Israel/Palestine: The Politics of a Two-State Solution

  • Israel/Palestine and the Politics of a Two-State Solution
  • When Peace Fails: Lessons from Belfast for the Middle East

Saturday, July 27, 2013

India: Making the Most of a Tough Geopolitical Position

So, now that I've discussed China and Japan, let me deal with the third major power in the Asian balance-of-power system--India. India has features of three of the great powers of the classical European 19th-20th century system. India today is a country divided between a backward, rural agrarian economy and a modern urban economy based on industry, services, and high-tech. In this it resembles China, but it is not as far along as China began her economic liberalization a full decade before India did. India thus resembles in this aspect Russia in the late 19th and early 20th century say from 1890 to 1917. But unlike Tsarist Russia, India is a democracy and a mature one at that--thus resembling the French Third Republic in this aspect. But in her difficult geopolitical position between Pakistan and China, both on her northern borders, India resembles Germany from 1870 to 1945 and Poland from 1919 to 1939.

India's rulers did not immediately appreciate her difficult geopolitical position after independence. India was one of three originators of the non-aligned movement along with Tito's Yugoslavia and Nasser's Egypt. It was only after China both surprised and humiliated India in the border war of October 1962 that Prime Minister Jawaharlal Nehru and his ministers woke up to their predicament. This was followed by border clashes with Pakistan in the Rann of Kutch in April 1965 followed by a full-scale war later that year. So India's leaders found themselves between the American-supported Pakistan to its northwest and China, an aspiring great power in Asia that went nuclear in 1964, to its northeast. Under Nehru's successor and daughter Prime Minister Indira Gandhi (no relation to the Mahatma), India in reality gave up her non-aligned status and became a client of the Soviet Union. In 1971 Moscow and New Delhi signed a friendship treaty--a standard sign of a Soviet client.  This gave India an assured supply of modern arms like MiG fighters, Tupolev bombers, Sukhoi attack planes, and T-55 and T-62 main battle tanks. India also continued to buy some weapons from Britain such as Centurion tanks, ships, and other military supplies. Moscow also supplied India with nuclear deterrence against Beijing. For a lengthier explanation of India's policy in 1971 see this book review.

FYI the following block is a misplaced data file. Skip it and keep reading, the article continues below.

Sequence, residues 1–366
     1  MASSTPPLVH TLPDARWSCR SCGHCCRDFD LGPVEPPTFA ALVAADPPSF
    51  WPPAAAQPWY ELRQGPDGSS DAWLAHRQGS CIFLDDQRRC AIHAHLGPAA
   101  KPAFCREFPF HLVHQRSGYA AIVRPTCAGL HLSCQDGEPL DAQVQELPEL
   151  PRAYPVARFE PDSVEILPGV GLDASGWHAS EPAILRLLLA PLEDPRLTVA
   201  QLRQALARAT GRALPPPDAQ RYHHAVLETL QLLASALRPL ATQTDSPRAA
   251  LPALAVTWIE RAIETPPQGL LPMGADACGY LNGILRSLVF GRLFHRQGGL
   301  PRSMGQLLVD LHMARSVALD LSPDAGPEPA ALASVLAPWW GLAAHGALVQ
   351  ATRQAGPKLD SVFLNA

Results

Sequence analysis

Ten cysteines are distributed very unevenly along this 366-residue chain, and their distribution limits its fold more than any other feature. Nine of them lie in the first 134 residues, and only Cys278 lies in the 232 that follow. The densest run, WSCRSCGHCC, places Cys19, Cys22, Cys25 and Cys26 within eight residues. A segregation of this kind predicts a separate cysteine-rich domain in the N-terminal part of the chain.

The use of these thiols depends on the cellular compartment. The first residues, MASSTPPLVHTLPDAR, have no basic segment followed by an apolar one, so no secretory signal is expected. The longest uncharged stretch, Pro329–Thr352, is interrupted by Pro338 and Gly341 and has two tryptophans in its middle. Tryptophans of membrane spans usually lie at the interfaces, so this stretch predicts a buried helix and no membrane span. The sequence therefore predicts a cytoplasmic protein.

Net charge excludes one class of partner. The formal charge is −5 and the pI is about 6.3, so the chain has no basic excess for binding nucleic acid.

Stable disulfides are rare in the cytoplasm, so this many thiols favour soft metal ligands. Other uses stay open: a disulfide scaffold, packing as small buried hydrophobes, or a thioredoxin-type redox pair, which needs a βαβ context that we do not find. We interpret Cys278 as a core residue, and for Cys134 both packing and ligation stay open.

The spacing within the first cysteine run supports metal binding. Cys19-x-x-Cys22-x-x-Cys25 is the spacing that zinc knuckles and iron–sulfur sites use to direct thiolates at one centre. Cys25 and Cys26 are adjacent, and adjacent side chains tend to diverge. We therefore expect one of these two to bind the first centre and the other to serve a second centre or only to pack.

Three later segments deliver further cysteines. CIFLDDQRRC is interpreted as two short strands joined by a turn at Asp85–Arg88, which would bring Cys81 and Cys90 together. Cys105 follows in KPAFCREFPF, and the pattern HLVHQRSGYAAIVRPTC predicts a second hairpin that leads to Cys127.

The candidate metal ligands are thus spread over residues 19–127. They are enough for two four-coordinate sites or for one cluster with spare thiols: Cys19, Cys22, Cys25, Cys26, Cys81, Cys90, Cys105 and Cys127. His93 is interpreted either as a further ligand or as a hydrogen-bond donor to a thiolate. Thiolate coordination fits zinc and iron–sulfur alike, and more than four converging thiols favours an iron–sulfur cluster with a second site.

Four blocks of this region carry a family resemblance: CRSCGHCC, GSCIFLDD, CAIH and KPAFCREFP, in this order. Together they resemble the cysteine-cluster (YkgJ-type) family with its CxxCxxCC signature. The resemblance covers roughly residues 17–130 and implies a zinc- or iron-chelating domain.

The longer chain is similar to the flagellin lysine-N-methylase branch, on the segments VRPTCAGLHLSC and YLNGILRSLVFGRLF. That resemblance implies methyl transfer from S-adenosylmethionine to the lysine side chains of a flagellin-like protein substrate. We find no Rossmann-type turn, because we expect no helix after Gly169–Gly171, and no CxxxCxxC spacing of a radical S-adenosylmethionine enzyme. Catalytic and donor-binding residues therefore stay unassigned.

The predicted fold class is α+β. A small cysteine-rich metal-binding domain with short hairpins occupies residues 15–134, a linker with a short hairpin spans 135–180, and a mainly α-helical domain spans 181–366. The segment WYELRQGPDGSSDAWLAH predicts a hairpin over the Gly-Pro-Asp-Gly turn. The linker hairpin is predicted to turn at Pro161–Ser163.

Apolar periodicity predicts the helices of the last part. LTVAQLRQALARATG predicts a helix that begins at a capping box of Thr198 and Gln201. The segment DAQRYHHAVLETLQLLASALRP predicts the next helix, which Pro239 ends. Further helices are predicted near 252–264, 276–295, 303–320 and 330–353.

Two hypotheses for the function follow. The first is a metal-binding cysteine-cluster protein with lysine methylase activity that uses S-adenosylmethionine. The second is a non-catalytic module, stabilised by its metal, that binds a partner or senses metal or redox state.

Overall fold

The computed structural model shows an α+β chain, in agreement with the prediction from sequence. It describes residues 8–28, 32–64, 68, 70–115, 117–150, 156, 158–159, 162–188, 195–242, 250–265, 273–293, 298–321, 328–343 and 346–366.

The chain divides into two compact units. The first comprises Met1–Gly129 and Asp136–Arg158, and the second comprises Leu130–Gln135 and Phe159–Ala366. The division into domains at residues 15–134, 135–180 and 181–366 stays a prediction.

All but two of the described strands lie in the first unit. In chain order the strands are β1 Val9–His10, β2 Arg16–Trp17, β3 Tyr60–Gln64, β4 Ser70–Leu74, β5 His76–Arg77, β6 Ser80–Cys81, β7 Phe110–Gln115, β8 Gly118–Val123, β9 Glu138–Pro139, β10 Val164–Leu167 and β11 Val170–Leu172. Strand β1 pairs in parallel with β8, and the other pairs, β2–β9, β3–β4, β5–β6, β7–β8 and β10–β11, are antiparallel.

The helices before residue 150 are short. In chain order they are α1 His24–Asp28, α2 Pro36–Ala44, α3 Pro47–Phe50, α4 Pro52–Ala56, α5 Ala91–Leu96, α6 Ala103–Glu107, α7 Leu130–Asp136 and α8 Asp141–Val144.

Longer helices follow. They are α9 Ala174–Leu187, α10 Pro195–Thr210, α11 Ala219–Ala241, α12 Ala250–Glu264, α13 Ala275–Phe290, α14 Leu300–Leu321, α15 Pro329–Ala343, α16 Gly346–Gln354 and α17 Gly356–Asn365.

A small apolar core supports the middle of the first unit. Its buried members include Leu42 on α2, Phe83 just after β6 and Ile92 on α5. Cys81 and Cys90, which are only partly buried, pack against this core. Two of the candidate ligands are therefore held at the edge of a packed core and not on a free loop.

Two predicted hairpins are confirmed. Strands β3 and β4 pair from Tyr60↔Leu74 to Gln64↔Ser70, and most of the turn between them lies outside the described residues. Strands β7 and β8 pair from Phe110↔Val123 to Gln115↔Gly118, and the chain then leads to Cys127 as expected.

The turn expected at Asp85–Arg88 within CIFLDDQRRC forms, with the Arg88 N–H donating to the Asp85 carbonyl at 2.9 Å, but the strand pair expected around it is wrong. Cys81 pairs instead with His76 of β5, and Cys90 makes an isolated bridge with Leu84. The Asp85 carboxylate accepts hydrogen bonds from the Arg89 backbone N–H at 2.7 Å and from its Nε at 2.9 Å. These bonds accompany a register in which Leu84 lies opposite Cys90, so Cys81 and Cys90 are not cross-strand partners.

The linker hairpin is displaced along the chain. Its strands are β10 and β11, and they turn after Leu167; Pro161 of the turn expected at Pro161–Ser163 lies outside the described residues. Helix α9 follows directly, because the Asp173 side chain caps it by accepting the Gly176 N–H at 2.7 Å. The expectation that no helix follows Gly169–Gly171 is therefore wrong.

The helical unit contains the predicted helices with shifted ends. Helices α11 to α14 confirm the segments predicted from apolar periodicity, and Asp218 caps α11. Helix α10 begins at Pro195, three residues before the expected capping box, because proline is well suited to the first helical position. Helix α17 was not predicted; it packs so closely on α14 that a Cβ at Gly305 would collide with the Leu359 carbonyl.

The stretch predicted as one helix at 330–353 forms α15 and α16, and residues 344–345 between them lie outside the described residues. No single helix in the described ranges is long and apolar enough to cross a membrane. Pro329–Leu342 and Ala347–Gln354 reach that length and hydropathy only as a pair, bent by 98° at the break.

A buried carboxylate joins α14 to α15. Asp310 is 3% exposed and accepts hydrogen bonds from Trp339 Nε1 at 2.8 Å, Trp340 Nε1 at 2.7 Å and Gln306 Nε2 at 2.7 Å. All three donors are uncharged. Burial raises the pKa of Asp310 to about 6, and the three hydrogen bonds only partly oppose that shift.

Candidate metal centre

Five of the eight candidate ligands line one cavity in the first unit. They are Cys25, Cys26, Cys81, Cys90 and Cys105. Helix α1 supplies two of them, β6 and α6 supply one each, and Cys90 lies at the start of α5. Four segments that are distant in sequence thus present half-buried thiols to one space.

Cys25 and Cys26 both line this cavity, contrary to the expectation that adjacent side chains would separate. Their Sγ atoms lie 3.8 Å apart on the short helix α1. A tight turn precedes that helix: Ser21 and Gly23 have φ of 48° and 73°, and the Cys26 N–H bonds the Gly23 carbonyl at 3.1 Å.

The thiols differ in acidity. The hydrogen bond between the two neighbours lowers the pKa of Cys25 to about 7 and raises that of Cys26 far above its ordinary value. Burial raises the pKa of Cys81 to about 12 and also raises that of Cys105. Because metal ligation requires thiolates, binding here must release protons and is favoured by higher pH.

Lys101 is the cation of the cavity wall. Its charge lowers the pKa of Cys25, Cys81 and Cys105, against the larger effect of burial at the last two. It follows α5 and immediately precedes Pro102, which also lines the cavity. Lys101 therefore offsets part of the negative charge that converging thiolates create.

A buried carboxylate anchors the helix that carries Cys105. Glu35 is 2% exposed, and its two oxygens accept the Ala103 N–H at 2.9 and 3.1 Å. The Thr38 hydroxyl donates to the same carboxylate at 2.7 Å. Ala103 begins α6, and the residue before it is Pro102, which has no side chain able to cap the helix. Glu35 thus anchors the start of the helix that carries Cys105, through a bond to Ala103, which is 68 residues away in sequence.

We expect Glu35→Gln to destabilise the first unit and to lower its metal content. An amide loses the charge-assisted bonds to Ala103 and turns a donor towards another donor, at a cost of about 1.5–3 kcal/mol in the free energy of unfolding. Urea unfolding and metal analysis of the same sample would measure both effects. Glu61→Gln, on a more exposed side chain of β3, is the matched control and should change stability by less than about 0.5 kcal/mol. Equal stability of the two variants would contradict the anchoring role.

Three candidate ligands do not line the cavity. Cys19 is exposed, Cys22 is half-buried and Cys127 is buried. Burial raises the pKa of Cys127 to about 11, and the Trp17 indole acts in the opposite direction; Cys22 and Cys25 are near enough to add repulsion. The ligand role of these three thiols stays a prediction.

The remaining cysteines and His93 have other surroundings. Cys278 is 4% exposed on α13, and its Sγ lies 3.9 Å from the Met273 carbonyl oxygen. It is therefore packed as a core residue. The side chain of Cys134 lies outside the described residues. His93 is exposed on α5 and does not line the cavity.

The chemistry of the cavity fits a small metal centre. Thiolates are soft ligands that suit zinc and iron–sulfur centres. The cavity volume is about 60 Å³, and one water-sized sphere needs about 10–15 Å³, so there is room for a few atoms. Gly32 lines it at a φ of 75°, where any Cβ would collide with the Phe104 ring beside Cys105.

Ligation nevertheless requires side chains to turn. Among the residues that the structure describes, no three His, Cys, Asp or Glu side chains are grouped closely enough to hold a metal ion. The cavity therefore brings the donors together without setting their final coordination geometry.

But like Charles de Gaulle of France, Gandhi was not overly trusting of Moscow and so she decided to develop India's own nuclear deterrent with the use of Western-trained Indian scientists. In 1974 India exploded its own "peaceful nuclear explosion"--named as if its purpose was to excavate a large crater for building a harbor etc. rather than in order to develop a deterrent capability. For two decades India did little else with its nuclear deterrent. India had helped to dismember Pakistan in December 1971 by fighting a holding armor battle in West Pakistan while invading East Pakistan in order to establish the new state of Bangladesh in the place of Pakistan's eastern portion. This was much like what Germany did in 1914 against France and Russia, but against a much weaker opponent. One can imagine that like the German general staff under Field Marshal von Schlieffen, the Indian general staff had worked out its plans ahead of time.  Since 1971 India and Pakistan have fought only one more war--in 1999--which consisted mainly of artillery duels and an Indian counterinsurgency campaign against Pakistani subversion in Kashmir. 

In May 1998 India conducted a series of nuclear tests to which Pakistan responded with its own series of nuclear tests. As a result Washington sanctioned both countries but eventually lifted the economic sanctions imposed upon India. In August 1999 New Delhi announced that its nuclear weapons were only for deterrent purposes and would not be used before India was subject to a nuclear attack from another nuclear power (read China or Pakistan). While its nuclear force initially consisted mainly of short-range and tactical nuclear weapons deployed near the border with Pakistan, India has continued to develop delivery systems that had ranges to hit targets in China. But Indian development of SLBMs based on nuclear-powered submarines is definitely aimed at China. Go here for a very good slideshow on India's nuclear deterrent capability, and here for an article on her latest ballistic-missile submarine..

Since the end of the Cold War New Delhi has normalized political relations with Washington so that the two are no longer rivals but they are still not quite allies. If the rivalry with China intensifies expect India to increase its military ties with other regional powers such as Japan and Vietnam as well as with Washington. India since independence in 1947 has relied upon a three-pronged trident policy of dealing with her geopolitical position: a robust defense force consisting of a large army and a capable navy as well as an air force; an alliance with the Soviet Union; and an internal nuclear capability. The only thing that is likely to change in the near future is the identity and number of her political and military allies. 

No comments:

Post a Comment